I had a great movie-going day yesterday. Two great movies, both expertly presented in their best available format.
I started the morning at the Camera 7 Pruneyard, south of San Jose, for a special press screening of Super 8 (I’ve just added Camera Cinemas to Bayflicks’ list of theaters). Theater manager Alejandro Adams organized the screening to show us a few things about modern digital projection. (If the name sounds familiar, he’s also a filmmaker. He made the excellent Around the Bay.)
First, he wanted us to see (and more importantly, feel), D-Box, which adds the sense of touch to the movie-going experience. The special chairs shake, slide, and roll to cues built into the movie. This isn’t a new concept. Aldous Huxley described something like this in Brave New World. Way back in 1959, William Castle tried a crude variation for his B picture The Tingler.
At the Camera 7, you pay $8 extra to sit in one of the 22 special D-Box seats in an otherwise normal theater.
Super 8 used the gimmick sparingly and intelligently. My seat vibrated lightly the first time when a car started up and drove away, really making me feel like I was in that car. The second time was the big train wreck sequence (both movies I saw yesterday had big train wrecks). For this, it really went to town, adding to an already impressive action sequence. Because Super 8 kept the shaking to a minimum, it worked nicely. But I could see how, if overused, it would become a big pain in the ass.
One problem: The two rows of D-Box seats are more than half-way back—an odd location for something that’s supposed to enhance the immersive experience. We were told they were placed in the theater’s sweet spot, but that’s a matter of opinion. I might consider paying for D-Box, if some of the seats are down in the front.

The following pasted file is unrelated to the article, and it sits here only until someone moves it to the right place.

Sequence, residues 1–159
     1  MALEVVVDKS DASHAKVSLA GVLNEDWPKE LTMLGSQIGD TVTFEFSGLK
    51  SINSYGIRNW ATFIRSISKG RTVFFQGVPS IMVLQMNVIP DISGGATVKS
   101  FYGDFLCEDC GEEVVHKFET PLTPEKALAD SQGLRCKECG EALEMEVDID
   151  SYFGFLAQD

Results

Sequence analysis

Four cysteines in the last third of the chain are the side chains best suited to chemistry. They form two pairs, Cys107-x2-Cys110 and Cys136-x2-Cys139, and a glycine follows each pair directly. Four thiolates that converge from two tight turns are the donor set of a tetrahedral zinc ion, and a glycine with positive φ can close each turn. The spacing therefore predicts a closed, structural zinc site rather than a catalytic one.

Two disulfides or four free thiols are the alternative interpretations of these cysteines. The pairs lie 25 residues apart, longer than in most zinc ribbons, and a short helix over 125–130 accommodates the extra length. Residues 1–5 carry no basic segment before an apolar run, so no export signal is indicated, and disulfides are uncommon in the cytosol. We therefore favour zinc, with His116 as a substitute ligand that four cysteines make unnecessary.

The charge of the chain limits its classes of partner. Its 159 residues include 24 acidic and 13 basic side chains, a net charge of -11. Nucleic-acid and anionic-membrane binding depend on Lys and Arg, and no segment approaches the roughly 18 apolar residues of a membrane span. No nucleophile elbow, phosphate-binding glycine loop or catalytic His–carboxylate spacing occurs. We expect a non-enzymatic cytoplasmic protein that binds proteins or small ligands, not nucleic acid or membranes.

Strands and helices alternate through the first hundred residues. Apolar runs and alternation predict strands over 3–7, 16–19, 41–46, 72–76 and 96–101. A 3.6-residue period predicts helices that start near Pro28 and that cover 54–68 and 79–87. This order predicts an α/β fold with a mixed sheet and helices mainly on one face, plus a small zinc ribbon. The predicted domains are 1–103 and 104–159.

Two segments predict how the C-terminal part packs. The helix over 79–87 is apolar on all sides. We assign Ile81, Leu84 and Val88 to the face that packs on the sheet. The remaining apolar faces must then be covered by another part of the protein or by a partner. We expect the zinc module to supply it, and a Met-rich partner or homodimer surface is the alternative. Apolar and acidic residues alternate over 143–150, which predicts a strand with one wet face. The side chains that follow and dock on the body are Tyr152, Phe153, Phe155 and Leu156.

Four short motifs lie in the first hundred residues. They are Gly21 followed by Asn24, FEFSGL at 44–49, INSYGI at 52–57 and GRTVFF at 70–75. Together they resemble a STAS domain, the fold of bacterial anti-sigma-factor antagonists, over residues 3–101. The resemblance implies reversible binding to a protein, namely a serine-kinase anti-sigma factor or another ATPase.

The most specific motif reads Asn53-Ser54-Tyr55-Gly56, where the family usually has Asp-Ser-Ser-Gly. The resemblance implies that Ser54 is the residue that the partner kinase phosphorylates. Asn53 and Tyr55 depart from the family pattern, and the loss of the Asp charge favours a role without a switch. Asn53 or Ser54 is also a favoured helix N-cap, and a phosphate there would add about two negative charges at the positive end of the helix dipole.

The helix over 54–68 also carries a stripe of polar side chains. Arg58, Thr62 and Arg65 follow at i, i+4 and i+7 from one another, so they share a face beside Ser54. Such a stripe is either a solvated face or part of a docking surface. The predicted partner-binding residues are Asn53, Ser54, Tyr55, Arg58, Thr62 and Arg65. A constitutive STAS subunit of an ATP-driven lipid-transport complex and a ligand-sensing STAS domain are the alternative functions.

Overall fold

Adams, and Camera Cinemas district manager and technical director Dominic Espinosa, also talked about the recent controversy over Sony’s 4K digital projectors. In case you haven’t heard, many theaters aren’t bothering to change the hardware between 3D and 2D presentations, resulting in underlit, dark 2D movies. Much of the blame goes to the theaters, and much to Sony, which has apparently made swapping out the lenses a complex and time-intensive chore. The controversy started with this boston.com article. Then Roger Ebert chimed in. Then a projectionist added an interesting explanation. For some people, the message of these articles is simple: If you’re watching digital projection, and you turn around and see two light sources—one on top of the other—emanating from the booth, you’re being screwed and should demand your money back.
But we saw Super 8 projected from a Sony 4K projector. I turned around, and sure enough, two light sources, stacked vertically, meaning it was projected through the evil 3D lens. But it looked fine. In fact, it looked fantastic.
The projectionist explained it to us. The major problem isn’t with the difficult-to-remove 3D lens, but with the extremely-easy-to-remove 3D filters. Those take seconds to remove and put back. If a theater is failing to do that, the people in charge either don’t know or don’t care.
Even the lens isn’t that difficult to remove, provided the booth is sufficiently roomy. With moderate training, he insisted, it can be done in seven minutes.
It all comes down to my first rule of cinematic presentation: It’s the people that matter. No matter the technology, you can’t have good projection without a good projectionist.
And what about Super-8 as a movie? I’d give an A to this excellent example of a small film hidden inside a big Hollywood movie. It’s really about a bunch of middle school kids in 1979, trying to make a short, amateur zombie movie, and struggling with all the garbage of early adolescence, while a strange crisis and a military invasion ravages their small town. Writer/director J.J. Abrams provides a handful of spectacular action sequences, filled with explosions and special effects, but they always take a back seat to the kids’ more normal problems. The movie looks so much like something Steven Spielberg would have made around 1979 that I’m sure it was intended as an homage. Spielberg helped launch Abrams’ career, and executive-produced this movie.
Next: Lawrence of Arabia in 70mm.
Note: This post was altered a few hours after it was posted. I inserted Espinosa’s name and title.